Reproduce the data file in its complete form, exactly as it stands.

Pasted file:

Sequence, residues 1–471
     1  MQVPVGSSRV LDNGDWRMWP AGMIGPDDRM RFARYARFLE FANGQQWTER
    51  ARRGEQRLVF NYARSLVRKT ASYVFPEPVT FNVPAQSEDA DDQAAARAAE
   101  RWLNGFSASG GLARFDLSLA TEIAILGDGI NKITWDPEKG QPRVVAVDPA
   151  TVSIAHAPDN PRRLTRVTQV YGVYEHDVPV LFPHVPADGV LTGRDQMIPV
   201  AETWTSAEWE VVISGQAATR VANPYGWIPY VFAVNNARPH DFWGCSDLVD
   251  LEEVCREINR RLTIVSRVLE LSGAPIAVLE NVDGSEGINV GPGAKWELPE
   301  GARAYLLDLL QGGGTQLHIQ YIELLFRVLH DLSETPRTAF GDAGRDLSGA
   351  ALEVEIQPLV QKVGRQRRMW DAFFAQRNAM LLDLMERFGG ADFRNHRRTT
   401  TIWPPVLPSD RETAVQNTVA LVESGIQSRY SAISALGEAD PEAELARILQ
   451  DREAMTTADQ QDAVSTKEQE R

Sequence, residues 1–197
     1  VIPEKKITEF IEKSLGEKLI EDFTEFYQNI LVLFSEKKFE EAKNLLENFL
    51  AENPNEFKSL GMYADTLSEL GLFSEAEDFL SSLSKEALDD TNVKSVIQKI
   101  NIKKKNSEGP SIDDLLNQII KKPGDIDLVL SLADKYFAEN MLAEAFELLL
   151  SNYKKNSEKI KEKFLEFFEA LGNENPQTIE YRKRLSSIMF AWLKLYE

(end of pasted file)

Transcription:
Sequence, residues 1–471
     1  MQVPVGSSRV LDNGDWRMWP AGMIGPDDRM RFARYARFLE FANGQQWTER
    51  ARRGEQRLVF NYARSLVRKT ASYVFPEPVT FNVPAQSEDA DDQAAARAAE
   101  RWLNGFSASG GLARFDLSLA TEIAILGDGI NKITWDPEKG QPRVVAVDPA
   151  TVSIAHAPDN PRRLTRVTQV YGVYEHDVPV LFPHVPADGV LTGRDQMIPV
   201  AETWTSAEWE VVISGQAATR VANPYGWIPY VFAVNNARPH DFWGCSDLVD
   251  LEEVCREINR RLTIVSRVLE LSGAPIAVLE NVDGSEGINV GPGAKWELPE
   301  GARAYLLDLL QGGGTQLHIQ YIELLFRVLH DLSETPRTAF GDAGRDLSGA
   351  ALEVEIQPLV QKVGRQRRMW DAFFAQRNAM LLDLMERFGG ADFRNHRRTT
   401  TIWPPVLPSD RETAVQNTVA LVESGIQSRY SAISALGEAD PEAELARILQ
   451  DREAMTTADQ QDAVSTKEQE R

Sequence, residues 1–197
     1  VIPEKKITEF IEKSLGEKLI EDFTEFYQNI LVLFSEKKFE EAKNLLENFL
    51  AENPNEFKSL GMYADTLSEL GLFSEAEDFL SSLSKEALDD TNVKSVIQKI
   101  NIKKKNSEGP SIDDLLNQII KKPGDIDLVL SLADKYFAEN MLAEAFELLL
   151  SNYKKNSEKI KEKFLEFFEA LGNENPQTIE YRKRLSSIMF AWLKLYE